George W. Cargill
Born February 22, 1834, in Wheeling, WV, George Washington Cargill came with his family in 1843 to the Blacksnake Hills, which was christened St. Joseph the following year. After his father died in 1858, Cargill, his mother, and his brother continued to operate the steam flour mill situated on Felix Street between Eighth and Ninth Streets. They also raised hemp, which was either put into bales or made into rope for rope walks, on their plantation southeast of St. Joseph.
On November 7, 1860, Cargill married Mary Blair Shaw from Point Pleasant, VA. They were the parents of five children: Samuel Glover (1861), Mary Blanche (1865), Lawrence Waldo (1868), James (1871), and Florence Rebecca (1873).
Cargill was six feet two, handsome, and had a wealth of curly hair. Being a southern sympathizer during the War Between the States, Cargill was accused of harboring a southern officer, Captain Reuben Kay, and helping him to escape. With his crops burned, his cattle driven off, and his slaves freed, Cargill managed to flee by horseback through the Union lines all the way back to West Virginia, taking with him the brass key to the doors of the Cargill Flour Mill. With Cargill gone, the Yankees burned down the flour mill.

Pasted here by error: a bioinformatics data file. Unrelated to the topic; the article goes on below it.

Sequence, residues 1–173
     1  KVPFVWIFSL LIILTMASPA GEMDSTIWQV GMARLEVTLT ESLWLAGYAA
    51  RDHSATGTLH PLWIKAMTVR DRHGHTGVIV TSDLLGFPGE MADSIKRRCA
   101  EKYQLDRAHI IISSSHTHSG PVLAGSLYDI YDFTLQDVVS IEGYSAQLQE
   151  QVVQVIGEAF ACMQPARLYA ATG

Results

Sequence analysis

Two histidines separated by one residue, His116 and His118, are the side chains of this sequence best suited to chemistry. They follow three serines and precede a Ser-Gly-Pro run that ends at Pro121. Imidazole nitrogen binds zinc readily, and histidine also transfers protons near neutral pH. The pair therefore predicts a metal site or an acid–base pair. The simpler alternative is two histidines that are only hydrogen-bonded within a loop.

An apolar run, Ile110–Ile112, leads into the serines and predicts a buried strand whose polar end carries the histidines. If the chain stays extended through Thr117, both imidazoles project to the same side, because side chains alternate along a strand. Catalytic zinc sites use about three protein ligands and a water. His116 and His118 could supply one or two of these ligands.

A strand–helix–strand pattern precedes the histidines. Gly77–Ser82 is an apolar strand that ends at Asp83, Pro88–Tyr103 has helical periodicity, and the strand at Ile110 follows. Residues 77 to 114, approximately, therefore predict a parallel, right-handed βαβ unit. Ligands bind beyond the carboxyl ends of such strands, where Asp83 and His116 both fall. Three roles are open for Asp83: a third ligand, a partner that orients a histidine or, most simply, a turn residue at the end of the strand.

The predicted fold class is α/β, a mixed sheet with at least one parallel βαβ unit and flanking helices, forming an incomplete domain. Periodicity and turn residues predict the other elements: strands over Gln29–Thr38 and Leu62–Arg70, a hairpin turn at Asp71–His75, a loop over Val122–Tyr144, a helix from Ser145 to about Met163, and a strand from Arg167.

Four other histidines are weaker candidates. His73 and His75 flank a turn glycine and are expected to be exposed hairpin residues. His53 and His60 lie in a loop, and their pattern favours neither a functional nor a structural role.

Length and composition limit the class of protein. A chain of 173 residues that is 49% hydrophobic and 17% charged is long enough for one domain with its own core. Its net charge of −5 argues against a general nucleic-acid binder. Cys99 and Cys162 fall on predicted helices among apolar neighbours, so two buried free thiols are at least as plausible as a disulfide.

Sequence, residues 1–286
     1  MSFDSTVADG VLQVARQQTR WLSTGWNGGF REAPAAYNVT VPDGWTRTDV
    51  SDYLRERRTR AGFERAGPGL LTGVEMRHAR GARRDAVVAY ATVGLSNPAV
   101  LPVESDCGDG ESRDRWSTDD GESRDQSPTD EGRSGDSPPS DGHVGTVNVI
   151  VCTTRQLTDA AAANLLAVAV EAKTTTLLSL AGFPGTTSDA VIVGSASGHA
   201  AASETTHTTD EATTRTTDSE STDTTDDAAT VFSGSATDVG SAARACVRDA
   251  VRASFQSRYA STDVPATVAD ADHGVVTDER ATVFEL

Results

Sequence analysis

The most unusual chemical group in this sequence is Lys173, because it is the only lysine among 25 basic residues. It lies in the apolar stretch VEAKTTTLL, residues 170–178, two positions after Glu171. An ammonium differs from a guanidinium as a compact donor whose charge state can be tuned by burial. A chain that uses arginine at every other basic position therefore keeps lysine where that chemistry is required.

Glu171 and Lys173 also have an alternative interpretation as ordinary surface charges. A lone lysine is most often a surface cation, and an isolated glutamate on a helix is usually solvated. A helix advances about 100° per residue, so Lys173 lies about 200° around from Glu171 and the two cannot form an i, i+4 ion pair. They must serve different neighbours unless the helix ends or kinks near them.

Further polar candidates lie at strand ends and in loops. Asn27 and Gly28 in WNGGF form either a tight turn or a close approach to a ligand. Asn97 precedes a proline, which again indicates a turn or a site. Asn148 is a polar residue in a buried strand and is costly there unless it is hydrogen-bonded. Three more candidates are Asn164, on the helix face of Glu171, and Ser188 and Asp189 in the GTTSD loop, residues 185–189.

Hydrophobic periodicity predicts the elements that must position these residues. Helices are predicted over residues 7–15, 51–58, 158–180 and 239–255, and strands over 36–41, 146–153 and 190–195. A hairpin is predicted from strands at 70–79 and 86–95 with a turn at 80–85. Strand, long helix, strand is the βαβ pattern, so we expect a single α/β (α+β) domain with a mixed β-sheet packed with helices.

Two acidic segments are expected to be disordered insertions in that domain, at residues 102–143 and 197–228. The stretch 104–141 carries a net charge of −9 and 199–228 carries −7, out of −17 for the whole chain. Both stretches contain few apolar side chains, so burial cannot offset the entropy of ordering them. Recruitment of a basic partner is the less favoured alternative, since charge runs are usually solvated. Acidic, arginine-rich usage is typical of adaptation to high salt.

Cargill made Winfield, VA his home, where he later became circuit judge. He passed away on February 5, 1912. The brass key is framed and currently hangs at the John P. Cargill residence in Kansas City, MO.
Boder, B. (1956, Winter). The pioneer Cargills. Museum Graphic, 8(1), 11-12.
Cargill, J. & Cargill, H. (1963). Cargill family, (pp. 24-25). New England Genealogical and Historical Register.
The Lozo-Needles Photo Album collection contains photographs of prominent citizens from St. Joseph, Missouri during the late 1800's. Alexander Lozo had a photography studio during the years 1871 to 1889 at various locations in the Downtown area. Lozo passed away on April 23, 1917 in Chicago, Illinois. John T. Needles had a photography studio during the years 1874 to 1882 at various locations in the Downtown area. Needles passed away in 1891 in Colorado.